The concept of forced induction is easily explained with the “suitcase analogy”. Running out of space in our suitcases is a common occurrence when traveling. While it’s logical for us to simply get a second bag, we unpack and try to squeeze in as much luggage into the first bag as possible, in order to avoid the hassle of a second bag altogether.
This ‘more efficient’ packing allows us to haul extra luggage (and shop more, if we’re on vacation) without requiring an extra bag.
The same concept can be applied to engines. In theory, an engine can only pack in so much air-fuel mixture to help it generate its rated power. To make more power, one must ideally look for a bigger engine, but forced induction can help “cheat” by squeezing more charge into the same space, thereby helping to burn more fuel and generate more than the rated power.
As stated earlier, air compression is achieved by means of a device called a supercharger.
Superchargers are mechanical pumps that compress air and feed it to the intake manifold (the passageway through which a combustible charge enters the combustion chamber in the engine).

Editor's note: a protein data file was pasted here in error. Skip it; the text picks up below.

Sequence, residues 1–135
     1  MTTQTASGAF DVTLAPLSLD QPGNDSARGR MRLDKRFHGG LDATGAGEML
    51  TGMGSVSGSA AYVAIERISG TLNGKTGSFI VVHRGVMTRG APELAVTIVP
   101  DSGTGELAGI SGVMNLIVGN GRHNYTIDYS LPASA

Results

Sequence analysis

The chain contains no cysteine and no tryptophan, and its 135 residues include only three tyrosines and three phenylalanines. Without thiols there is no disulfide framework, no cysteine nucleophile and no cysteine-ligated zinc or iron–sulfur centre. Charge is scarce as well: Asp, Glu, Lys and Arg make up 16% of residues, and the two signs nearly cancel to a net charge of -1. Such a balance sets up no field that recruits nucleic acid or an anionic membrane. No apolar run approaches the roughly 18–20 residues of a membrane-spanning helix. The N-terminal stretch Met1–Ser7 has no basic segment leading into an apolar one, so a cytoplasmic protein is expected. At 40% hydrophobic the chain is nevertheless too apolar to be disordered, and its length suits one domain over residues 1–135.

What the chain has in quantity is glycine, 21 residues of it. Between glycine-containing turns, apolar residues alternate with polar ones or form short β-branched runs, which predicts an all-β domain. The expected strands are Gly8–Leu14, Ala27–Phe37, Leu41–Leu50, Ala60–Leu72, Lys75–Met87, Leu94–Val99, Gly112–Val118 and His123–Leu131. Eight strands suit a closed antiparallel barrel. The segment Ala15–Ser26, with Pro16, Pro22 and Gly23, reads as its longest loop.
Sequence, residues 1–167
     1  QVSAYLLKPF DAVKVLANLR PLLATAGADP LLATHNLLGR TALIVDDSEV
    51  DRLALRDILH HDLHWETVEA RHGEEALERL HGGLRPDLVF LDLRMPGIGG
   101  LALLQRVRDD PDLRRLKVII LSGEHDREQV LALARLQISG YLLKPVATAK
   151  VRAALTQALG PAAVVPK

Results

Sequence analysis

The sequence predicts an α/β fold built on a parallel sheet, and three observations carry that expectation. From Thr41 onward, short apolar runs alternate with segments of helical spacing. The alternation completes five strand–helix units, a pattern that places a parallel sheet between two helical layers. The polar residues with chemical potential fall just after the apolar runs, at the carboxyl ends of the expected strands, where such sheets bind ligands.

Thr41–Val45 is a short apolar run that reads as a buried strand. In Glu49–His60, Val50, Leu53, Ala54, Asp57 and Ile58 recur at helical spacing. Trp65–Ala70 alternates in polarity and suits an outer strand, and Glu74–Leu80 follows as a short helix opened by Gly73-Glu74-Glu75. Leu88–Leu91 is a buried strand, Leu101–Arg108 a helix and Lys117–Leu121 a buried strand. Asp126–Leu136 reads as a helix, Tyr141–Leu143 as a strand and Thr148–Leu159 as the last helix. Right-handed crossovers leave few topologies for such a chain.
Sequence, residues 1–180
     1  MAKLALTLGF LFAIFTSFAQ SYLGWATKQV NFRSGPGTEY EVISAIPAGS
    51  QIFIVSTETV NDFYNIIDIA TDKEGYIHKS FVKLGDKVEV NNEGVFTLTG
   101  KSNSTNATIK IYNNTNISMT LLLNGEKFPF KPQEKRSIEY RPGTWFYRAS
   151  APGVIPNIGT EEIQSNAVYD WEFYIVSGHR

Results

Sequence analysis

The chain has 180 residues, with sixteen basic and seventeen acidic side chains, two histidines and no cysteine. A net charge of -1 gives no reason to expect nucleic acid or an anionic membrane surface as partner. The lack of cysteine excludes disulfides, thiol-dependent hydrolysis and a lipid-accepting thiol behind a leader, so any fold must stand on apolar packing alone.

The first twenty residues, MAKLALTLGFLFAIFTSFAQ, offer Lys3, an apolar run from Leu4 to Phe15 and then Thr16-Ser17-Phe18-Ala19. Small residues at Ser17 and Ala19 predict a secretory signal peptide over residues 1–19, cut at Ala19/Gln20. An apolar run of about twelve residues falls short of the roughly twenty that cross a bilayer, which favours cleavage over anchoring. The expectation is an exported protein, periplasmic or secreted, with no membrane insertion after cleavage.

Pumps need power to run, and a supercharger is no different. The supercharger will derive power from the engine using a pulley and a belt to compress the air and feed it back. However, just like the supercharger, many other vital functions, such as air conditioning and power steering, are dependent on the engine itself. A supercharger therefore adds to the load on the engine, which offsets the benefits. This encouraged the development of the turbocharger, a device that does not rely on engine power, but rather on exhaust gases!